A new study sought to develop and validate a way to predict the risk of opioid overdose among Medicare beneficiaries with at least one opioid prescription. The model the researchers developed was more effective in predicting risk of overdose than traditional statistical models.
Imagine smart materials that can morph from being stiff as wood to as soft as a sponge - and also change shape. Rutgers University-New Brunswick engineers have created flexible, lightweight materials with 4D printing that could lead to better shock absorption, morphing airplane or drone wings, soft robotics and tiny implantable biomedical devices. Their research is published in the journal Materials Horizons.
A recent study from King's College London and Cambridge University highlighted that people may experience multiple subtle changes before being diagnosed with a brain tumor.
Consuming the equivalent of one can of soda per day caused mice predisposed to colon cancer to develop larger tumors, according to a study by Weill Cornell Medicine and NewYork-Presbyterian investigators.
Previous research shows that when choosing between different incentive options, employees prefer cash rewards. But cash might not be the most effective incentive. Its replacement? Gift cards.
Beware the ball pit. Ball pits used in children's physical therapy -- similar to those made popular by restaurants catering to families -- may contribute to germ transmission between patients, according to new research published in the American Journal of Infection Control (AJIC), the journal of the Association for Professionals in Infection Control and Epidemiology, published by Elsevier.
Few novel drugs have been developed to treat neglected diseases in recent decades, Brazilian researchers warn.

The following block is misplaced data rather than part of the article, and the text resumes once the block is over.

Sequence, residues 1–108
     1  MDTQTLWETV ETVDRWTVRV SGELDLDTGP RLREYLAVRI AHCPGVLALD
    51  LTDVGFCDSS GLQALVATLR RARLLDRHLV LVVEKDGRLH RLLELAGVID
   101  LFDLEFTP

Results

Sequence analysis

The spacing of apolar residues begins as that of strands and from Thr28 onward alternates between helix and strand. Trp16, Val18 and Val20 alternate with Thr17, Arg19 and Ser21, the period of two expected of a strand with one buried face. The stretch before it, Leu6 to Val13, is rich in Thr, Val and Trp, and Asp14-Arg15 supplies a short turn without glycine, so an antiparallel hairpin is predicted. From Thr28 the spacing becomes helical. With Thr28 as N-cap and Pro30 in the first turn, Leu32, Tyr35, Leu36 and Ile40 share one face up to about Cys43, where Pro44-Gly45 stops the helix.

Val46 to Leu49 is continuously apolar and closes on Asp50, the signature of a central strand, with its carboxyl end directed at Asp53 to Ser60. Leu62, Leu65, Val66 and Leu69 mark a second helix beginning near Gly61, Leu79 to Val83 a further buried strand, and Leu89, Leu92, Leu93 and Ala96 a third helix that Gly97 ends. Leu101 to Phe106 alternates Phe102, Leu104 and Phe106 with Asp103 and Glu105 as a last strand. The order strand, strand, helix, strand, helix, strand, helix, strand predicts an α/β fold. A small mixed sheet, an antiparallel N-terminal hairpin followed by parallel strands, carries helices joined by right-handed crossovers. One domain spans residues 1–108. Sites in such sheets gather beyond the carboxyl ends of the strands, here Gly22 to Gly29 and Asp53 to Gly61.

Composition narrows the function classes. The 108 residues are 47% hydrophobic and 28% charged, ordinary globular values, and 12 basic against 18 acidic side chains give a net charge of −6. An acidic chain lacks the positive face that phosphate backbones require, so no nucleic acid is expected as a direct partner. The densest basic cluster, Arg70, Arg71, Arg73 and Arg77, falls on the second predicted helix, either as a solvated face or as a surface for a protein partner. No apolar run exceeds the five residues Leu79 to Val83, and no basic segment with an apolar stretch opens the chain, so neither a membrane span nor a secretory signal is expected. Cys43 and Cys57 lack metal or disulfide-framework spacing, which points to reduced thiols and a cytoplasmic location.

Seven types of bacteria and certain immune factors in a woman's vagina and cervix may be responsible for increasing the risk of spontaneous preterm birth (sPTB) or protect against it, according to a new study from the Perelman School of Medicine at the University of Pennsylvania and the University of Maryland School of Medicine. Results of the study provide groundbreaking information that the authors suggest could help physicians better predict preterm birth, especially for African-American women early in pregnancy.
Scientists have harnessed powerful data analysis tools and three-dimensional studies of genomic geography to implicate new risk genes for osteoporosis, the chronic bone-weakening condition that affects millions of people. Knowing the causative genes may later open the door to more effective treatments.
Doctors should think carefully before testing patients for a urinary tract infection (UTI) to avoid over-diagnosis and unnecessary antibiotic treatment, according to updated asymptomatic bacteriuria (ASB) guidelines released by the Infectious Diseases Society of America (IDSA) and published in Clinical Infectious Diseases.